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  12. Sushi

    Sushi Senior Member Albuquerque

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    Yes, it can be tested with a dexa scan, but it is pretty high radiation. After having a couple of them and realizing that I did have some bone loss, I decided to treat it in the best way I could and avoid further radiation. I am unwilling to take the prescription medications on offer and that is what the docs would want me to do if they saw more bone loss.
     
  13. Alvin2

    Alvin2 Senior Member

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    I can understand that, bisphosphonates are pretty hardcore drugs which i would avoid as well
    That said you can refuse any medication a doctor recommends, but radiation is something to typically avoid. I guess its a balancing act, deciding whether the risk is worth knowing your bone density status
     
  14. Jonathan Edwards

    Jonathan Edwards Senior Member

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    All bed bound people should be assessed for bone density risk and advised on options for measurement and treatment. This is considered mandatory for all those with joint disease, including young people with juvenile arthritis. NHS services absolutely have a duty to provide assessment and management for all bed bound ME patients.
     
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  15. user9876

    user9876 Senior Member

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    At what level of activity does bone density become less of a concern. If someone were to spend most of there time between bed and sitting supported in a chair with very little walking and rarely leaving the house would that be a concern? (especially for teenagers)
     
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  16. Jonathan Edwards

    Jonathan Edwards Senior Member

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    I guess it is as long as a piece of string. Any level of inactivity is relevant. What is more difficult is to assess quite what the risk impact would be in a young person who may be capable of regaining bone mass if they remobilise, and whether it is justified to treat on the assumption that remobilisation is far from guaranteed etc. I do not pretend to know how to calculate the best policy but this is done for all other diseases with significant immobility so it should for ME/CFS.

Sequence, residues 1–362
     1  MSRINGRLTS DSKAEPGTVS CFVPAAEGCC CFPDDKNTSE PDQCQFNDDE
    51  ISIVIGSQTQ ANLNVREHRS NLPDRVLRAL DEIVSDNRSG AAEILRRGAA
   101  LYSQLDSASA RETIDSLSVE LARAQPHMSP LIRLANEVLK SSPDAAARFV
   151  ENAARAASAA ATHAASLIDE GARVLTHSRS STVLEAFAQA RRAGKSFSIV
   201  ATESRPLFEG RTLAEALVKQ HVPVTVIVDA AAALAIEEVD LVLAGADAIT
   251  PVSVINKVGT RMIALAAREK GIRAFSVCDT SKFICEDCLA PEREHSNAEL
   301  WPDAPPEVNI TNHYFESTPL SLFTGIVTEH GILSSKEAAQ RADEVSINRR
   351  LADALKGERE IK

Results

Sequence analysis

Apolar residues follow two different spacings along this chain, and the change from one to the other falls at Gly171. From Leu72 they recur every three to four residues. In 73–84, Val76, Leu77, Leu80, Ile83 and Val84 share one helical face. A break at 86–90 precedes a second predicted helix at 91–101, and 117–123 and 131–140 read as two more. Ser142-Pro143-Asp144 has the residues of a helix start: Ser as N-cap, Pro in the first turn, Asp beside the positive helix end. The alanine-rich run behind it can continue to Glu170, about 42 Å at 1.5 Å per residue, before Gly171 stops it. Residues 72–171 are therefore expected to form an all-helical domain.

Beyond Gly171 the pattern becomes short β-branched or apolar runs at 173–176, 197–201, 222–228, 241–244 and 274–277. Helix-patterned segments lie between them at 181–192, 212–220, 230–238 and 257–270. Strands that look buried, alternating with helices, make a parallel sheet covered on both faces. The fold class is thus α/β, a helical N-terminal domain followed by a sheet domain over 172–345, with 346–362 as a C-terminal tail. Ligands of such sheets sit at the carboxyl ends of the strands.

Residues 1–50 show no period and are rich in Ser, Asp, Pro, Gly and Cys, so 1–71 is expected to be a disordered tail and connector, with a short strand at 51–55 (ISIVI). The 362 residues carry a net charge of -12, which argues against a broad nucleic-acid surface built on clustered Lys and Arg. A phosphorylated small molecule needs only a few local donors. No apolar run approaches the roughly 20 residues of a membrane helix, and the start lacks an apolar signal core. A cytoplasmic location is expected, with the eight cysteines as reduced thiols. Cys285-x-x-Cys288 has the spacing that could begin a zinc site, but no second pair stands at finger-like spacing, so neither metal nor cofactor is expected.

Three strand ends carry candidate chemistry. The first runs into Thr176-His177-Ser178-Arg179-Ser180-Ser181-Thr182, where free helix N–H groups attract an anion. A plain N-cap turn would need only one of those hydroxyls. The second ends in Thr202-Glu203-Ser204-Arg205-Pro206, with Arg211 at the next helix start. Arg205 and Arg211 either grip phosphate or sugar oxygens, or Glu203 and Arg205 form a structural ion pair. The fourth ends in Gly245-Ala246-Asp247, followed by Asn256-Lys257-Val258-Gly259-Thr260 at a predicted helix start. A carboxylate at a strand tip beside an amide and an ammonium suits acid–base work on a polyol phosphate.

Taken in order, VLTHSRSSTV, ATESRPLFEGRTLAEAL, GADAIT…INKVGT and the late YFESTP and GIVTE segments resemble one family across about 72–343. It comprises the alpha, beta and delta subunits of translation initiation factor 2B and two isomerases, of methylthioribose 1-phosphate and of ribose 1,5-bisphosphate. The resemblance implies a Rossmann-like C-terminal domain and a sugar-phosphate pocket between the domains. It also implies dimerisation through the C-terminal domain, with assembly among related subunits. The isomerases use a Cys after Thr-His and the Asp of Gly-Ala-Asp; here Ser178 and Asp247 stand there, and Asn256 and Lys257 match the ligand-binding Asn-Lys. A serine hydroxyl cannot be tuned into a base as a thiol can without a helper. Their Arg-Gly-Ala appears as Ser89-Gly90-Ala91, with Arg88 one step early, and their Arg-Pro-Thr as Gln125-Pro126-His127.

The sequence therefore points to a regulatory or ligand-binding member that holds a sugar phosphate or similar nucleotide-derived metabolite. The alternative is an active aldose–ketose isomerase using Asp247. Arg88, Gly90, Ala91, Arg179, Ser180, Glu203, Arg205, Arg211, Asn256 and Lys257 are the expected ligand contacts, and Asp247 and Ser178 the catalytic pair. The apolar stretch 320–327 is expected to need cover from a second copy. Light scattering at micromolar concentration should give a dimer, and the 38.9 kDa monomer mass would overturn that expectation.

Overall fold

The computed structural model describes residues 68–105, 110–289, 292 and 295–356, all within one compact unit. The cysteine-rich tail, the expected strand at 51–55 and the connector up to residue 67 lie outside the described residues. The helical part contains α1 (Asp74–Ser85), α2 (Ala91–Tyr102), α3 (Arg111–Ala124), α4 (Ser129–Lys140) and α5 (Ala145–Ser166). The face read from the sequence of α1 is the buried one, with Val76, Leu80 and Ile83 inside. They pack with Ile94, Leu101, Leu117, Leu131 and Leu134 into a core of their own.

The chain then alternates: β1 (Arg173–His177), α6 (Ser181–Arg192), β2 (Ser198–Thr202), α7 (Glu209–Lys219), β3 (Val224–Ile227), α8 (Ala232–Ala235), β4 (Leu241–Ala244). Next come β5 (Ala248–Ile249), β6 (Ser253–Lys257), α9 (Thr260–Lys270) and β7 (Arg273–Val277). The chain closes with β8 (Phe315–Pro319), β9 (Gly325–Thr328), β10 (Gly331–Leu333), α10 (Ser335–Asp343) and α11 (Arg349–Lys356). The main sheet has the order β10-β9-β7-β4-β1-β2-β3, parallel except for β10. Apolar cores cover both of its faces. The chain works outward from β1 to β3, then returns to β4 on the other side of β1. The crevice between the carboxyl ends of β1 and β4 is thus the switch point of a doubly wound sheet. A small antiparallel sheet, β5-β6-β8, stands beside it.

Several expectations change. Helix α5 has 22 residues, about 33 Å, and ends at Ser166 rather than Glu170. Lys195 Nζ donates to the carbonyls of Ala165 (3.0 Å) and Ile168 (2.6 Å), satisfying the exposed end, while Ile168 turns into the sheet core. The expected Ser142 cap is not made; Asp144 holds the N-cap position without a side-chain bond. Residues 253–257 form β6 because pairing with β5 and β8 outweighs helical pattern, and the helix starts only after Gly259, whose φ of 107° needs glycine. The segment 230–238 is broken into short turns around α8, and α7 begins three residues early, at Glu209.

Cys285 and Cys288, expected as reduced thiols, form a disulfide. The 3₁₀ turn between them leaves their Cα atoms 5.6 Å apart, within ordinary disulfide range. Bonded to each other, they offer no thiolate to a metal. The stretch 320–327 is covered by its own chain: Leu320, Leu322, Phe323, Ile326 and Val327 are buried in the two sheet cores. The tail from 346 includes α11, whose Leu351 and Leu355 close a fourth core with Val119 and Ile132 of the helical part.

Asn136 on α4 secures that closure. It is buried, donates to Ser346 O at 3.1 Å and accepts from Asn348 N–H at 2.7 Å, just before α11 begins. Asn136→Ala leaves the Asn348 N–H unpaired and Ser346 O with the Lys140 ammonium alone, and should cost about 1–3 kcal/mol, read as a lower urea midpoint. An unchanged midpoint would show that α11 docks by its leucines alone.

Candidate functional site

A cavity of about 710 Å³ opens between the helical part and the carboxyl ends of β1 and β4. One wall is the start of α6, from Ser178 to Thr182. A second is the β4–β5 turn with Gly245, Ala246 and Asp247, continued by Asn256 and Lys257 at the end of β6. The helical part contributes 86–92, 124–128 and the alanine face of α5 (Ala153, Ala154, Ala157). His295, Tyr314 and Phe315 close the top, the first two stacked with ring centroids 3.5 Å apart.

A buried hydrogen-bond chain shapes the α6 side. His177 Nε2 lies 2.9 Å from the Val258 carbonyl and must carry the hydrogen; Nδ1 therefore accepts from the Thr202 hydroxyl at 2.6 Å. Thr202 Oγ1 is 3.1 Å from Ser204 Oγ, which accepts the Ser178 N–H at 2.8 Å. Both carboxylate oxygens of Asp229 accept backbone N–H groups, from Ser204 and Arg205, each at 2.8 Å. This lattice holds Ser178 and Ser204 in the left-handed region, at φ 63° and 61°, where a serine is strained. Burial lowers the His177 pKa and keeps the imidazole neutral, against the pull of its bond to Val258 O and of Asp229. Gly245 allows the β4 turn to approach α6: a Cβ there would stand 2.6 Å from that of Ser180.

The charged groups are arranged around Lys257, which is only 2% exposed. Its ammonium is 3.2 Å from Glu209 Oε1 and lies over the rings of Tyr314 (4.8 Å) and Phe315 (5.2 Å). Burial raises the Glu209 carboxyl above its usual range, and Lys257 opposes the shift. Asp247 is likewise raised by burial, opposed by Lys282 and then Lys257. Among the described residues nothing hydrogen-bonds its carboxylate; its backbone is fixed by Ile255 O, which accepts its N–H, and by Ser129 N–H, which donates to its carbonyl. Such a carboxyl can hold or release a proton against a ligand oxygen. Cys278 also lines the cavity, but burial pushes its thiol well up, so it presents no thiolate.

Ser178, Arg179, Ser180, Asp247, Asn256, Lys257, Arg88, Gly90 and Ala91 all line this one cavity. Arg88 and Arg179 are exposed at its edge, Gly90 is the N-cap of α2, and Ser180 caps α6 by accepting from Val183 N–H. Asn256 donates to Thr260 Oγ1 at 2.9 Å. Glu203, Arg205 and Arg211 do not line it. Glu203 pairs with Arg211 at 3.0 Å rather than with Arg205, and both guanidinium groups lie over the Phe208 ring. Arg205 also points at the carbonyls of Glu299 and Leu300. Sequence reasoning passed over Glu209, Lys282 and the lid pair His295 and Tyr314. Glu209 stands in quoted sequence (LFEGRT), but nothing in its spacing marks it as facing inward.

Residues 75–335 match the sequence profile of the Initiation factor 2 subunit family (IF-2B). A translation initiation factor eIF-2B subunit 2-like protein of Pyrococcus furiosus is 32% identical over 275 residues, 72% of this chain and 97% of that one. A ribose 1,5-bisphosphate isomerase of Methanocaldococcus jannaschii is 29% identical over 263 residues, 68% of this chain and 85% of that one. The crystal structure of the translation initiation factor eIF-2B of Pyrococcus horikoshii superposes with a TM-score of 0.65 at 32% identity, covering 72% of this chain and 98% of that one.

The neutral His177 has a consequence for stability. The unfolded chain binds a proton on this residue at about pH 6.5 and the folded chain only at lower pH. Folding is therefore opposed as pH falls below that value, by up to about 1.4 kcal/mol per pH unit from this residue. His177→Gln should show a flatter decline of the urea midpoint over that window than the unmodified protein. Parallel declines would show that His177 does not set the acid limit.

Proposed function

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  17. Cheesus

    Cheesus Senior Member

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    Thank you all for your responses. They have been very helpful. I have been taking vitamin D, but overlooked many of the others.

    I have come across a few interesting studies regarding various supplements and bone density. This review suggests vitamin K2 is moderately helpful in increasing bone density and reducing the risk of fracture.

    A large, longitudinal, RCT of strontium in post-menopausal women found that it increased bone density in the long term. However the authors do note:

    http://onlinelibrary.wiley.com/doi/10.1002/art.23461/full

    I do not know if that means the increasing in bone mineral density is superficial or genuine...? Having said that, the treatment group again had fewer fractures than the control group, and their 8 year follow-up showed continued increase in bone mineral density (ref). It also has a good safety profile.

    I've also found some studies suggesting that magnesium can cause a significant increase in bone density, but to be honest the studies were very under-powered so I wouldn't want to draw any conclusions.

    I'm going to try these various supplements in order to reduce my risk, but I will also absolutely speak with my GP and see what he can do for me regarding investigation and treatment.
     
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  18. Cheesus

    Cheesus Senior Member

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    @Jonathan Edwards

    Do you know if bone density monitoring is recommend in the NICE guidelines? If not, it seems to me that it should be! They are up for review this year, so it might be a good time for us to lobby them to include appropriate recommendations regarding bone loss.

    Perhaps this is something that @charles shepherd would have insight to as well?
     
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  19. Cheesus

    Cheesus Senior Member

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    To answer my own question, there is absolutely no mention of bone density in the NICE guidelines that I can find:

    https://www.nice.org.uk/guidance/cg...general-management-strategies-after-diagnosis
     
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  20. CCC

    CCC Senior Member